Limitations of Conventional Methods of Self-Monitoring of Blood Glucose

Lessons learned from 3 days of continuous glucose sensing in pediatric patients with type 1 diabetes

  1. Elizabeth Boland, MSN APRN, CDE1,
  2. Teresa Monsod, MD1,
  3. Maria Delucia, MS1,
  4. Cynthia A. Brandt, MD, MPH1,
  5. Sanjay Fernando, SC, MS1 and
  6. William V. Tamborlane, MD12
  1. 1Yale University School of Medicine, Yale University, New Haven
  2. 2Yale Children’s Clinical Research Center, Yale University, New Haven, Connecticut

    Abstract

    OBJECTIVE—Children with type 1 diabetes are usually asked to perform self-monitoring of blood glucose (SMBG) before meals and at bedtime, and it is assumed that if results are in target range, along with HbA1c measurements, then overall glycemic control is adequate. However, the brief glimpses in the 24-h glucose profile provided by SMBG may miss marked glycemic excursions. The MiniMed Continuous Glucose Monitoring System (CGMS) has provided a new method to obtain continuous glucose profiles and opportunities to examine limitations of conventional monitoring.

    RESEARCH DESIGN AND METHODS—A total of 56 children with type 1 diabetes (age 2–18 years) wore the CGMS for 3 days. Patients entered four fingerstick blood samples into the monitor for calibration and kept records of food intake, exercise, and hypoglycemic symptoms. Data were downloaded, and glycemic patterns were identified.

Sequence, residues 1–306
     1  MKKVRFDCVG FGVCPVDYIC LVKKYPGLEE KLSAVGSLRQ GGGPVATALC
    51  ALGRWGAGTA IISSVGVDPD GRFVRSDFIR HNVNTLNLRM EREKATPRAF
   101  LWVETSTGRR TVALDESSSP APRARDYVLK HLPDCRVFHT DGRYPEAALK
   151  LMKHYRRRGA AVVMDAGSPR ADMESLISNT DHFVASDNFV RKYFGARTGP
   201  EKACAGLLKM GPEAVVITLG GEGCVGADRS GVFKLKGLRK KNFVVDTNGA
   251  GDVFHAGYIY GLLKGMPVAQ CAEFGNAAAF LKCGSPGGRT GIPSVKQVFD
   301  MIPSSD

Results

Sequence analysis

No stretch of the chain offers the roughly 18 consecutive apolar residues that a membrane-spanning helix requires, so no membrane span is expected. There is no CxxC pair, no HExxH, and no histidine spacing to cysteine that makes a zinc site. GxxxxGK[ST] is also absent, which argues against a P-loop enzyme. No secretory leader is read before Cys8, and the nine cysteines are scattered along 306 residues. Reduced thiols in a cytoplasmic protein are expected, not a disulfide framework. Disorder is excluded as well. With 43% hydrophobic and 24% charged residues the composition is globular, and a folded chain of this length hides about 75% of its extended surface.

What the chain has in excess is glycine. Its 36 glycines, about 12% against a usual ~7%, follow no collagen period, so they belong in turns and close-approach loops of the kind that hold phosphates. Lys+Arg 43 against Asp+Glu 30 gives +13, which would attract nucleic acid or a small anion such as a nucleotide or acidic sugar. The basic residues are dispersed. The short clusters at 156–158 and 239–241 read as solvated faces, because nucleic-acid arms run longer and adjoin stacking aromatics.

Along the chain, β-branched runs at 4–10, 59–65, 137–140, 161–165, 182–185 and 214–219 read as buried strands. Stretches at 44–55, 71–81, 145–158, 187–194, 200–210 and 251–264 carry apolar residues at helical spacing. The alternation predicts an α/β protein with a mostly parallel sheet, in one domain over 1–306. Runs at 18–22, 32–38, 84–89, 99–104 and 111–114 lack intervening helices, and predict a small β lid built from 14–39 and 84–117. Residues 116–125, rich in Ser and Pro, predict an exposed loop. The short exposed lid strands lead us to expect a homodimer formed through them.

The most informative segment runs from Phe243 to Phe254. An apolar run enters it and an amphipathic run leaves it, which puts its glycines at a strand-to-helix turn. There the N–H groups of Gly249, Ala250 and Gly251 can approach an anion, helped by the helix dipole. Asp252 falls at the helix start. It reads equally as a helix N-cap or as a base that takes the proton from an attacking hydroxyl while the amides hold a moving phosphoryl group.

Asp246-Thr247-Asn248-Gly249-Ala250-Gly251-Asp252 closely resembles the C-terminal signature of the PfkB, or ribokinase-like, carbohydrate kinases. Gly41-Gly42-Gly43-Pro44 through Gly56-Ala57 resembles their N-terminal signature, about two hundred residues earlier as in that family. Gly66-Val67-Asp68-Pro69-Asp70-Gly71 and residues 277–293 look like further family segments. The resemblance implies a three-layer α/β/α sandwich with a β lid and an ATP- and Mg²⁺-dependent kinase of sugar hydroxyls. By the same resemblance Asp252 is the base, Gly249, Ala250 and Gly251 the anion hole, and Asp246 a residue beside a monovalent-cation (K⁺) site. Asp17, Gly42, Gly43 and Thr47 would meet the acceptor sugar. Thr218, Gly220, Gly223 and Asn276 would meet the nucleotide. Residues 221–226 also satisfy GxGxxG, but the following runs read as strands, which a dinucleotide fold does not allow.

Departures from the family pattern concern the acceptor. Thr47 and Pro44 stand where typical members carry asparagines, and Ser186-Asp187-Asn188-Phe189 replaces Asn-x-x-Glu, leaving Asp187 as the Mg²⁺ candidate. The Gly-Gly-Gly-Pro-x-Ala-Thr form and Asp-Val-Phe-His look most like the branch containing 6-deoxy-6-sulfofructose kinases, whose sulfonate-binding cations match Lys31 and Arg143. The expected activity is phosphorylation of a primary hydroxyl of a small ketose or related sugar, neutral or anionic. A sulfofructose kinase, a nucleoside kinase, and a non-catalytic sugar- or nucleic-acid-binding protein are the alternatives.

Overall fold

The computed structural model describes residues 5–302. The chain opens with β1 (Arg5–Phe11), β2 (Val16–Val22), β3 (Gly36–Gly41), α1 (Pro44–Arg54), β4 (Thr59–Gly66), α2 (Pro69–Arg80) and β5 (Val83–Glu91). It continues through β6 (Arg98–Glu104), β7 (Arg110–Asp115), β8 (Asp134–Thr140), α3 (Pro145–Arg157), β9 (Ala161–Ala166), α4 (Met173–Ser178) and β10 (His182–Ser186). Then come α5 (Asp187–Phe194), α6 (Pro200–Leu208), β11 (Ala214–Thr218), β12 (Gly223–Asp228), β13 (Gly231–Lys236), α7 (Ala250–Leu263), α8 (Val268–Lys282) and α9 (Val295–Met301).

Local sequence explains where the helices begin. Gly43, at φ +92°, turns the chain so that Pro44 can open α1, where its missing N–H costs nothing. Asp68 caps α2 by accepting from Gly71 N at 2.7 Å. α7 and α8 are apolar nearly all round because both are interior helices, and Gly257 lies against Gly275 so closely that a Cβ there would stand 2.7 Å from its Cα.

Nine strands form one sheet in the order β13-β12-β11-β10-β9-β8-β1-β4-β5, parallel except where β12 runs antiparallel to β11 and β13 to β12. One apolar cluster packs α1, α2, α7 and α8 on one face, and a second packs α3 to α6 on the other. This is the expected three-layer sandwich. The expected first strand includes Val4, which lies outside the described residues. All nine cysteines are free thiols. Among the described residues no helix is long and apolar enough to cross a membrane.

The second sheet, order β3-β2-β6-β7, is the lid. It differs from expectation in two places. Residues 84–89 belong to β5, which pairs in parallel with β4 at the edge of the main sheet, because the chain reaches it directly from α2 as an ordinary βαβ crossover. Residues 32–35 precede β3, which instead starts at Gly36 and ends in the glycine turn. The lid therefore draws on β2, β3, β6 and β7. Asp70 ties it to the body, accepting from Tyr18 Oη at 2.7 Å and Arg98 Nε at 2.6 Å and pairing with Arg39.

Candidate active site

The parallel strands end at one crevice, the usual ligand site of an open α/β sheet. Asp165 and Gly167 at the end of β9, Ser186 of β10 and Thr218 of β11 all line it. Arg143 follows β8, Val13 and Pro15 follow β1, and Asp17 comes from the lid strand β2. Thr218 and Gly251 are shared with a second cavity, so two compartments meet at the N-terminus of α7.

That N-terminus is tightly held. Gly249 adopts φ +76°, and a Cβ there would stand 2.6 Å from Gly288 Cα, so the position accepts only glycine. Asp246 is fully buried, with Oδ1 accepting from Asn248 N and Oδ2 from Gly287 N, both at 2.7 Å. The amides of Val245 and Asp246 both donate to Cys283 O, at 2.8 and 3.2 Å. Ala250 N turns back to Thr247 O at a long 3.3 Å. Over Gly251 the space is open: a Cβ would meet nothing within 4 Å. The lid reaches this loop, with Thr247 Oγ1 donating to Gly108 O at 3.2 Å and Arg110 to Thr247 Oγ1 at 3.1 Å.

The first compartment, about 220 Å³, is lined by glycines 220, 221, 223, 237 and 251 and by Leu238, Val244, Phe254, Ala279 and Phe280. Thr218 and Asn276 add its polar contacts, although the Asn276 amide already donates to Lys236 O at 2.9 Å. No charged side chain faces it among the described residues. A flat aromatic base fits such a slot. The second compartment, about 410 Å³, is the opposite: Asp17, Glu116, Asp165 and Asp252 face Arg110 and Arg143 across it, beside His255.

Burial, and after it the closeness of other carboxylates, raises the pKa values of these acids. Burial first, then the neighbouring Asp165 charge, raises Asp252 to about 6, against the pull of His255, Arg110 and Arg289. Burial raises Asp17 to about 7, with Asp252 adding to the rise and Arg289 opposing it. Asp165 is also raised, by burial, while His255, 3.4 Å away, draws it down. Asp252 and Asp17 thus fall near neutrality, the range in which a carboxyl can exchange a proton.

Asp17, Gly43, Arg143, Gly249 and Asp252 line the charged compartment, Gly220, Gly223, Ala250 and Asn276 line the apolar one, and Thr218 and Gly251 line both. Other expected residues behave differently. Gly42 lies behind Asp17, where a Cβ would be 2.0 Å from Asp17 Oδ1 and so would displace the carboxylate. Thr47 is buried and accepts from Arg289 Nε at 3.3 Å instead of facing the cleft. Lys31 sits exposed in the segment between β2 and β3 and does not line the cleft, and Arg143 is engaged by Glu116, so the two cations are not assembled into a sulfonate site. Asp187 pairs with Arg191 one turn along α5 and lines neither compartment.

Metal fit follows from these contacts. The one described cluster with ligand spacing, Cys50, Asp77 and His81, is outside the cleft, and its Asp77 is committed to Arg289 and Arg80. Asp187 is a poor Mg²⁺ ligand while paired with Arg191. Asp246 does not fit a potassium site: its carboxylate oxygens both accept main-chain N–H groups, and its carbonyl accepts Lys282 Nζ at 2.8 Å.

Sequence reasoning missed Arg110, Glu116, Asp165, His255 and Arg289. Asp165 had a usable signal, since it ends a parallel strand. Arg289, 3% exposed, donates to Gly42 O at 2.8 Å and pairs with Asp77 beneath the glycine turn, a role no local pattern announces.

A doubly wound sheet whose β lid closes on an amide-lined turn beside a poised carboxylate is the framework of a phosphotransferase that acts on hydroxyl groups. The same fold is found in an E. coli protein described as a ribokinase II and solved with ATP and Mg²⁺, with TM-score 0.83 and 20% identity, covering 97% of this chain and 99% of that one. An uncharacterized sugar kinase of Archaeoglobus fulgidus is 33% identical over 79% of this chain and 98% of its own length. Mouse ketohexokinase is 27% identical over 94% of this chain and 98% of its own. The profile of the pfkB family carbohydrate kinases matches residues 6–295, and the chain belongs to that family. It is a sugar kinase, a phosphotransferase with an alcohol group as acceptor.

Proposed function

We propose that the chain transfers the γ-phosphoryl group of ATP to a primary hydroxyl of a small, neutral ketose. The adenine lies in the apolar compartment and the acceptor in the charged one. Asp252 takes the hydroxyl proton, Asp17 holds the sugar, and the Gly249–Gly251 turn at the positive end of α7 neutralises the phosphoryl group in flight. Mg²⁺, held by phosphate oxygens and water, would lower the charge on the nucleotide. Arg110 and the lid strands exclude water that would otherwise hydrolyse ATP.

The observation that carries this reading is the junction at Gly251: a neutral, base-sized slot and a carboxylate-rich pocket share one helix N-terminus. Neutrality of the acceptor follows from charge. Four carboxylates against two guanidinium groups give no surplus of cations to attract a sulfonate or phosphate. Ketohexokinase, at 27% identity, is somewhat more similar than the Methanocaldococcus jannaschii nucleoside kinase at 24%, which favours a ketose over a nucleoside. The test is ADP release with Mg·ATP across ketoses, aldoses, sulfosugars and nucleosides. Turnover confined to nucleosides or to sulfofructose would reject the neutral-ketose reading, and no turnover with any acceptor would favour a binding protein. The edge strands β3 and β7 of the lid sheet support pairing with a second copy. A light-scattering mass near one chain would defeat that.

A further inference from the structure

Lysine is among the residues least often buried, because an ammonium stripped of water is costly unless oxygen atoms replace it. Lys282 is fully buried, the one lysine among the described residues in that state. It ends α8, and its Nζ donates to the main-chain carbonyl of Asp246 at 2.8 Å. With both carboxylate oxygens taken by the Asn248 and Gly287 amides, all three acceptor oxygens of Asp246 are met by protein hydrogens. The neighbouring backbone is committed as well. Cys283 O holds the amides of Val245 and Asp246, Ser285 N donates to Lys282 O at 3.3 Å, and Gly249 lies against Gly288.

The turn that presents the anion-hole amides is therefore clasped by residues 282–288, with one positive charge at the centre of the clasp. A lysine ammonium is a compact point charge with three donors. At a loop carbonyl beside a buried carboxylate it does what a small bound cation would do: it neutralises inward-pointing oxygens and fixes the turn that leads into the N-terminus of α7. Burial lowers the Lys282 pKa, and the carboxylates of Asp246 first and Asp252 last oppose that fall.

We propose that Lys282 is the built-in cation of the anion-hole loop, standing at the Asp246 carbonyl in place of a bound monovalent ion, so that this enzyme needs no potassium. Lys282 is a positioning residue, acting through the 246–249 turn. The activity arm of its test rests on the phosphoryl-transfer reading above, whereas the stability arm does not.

RESULTS—Despite satisfactory HbA1c levels (7.7 ± 1.4%) and premeal glucose levels near the target range, the CGMS revealed profound postprandial hyperglycemia. Almost 90% of the peak postprandial glucose levels after every meal were >180 mg/dl (above target), and almost 50% were >300 mg/dl. Additionally, the CGMS revealed frequent and prolonged asymptomatic hypoglycemia (glucose <60 mg/dl) in almost 70% of the children.

    CONCLUSIONS—Despite excellent HbA1c levels and target preprandial glucose levels, children often experience nocturnal hypoglycemia and postprandial hyperglycemia that are not evident with routine monitoring. Repeated use of the CGMS may provide a means to optimize basal and bolus insulin replacement in patients with type 1 diabetes.

    Footnotes

    • Address correspondence and reprint requests to Elizabeth Boland, MSN, APRN, CDE, Yale University PPRU, 2 Church St. South, Suite 111, New Haven, CT 06519. E-mail: elizabeth.boland{at}yale.edu.

      Received for publication 9 March 2001 and accepted in revised form 26 July 2001.

      E.B. and W.V.T. have received honoraria from and are paid consultants of MiniMed.

      A table elsewhere in this issue shows conventional and Système International (SI) units and conversion factors for many substances.

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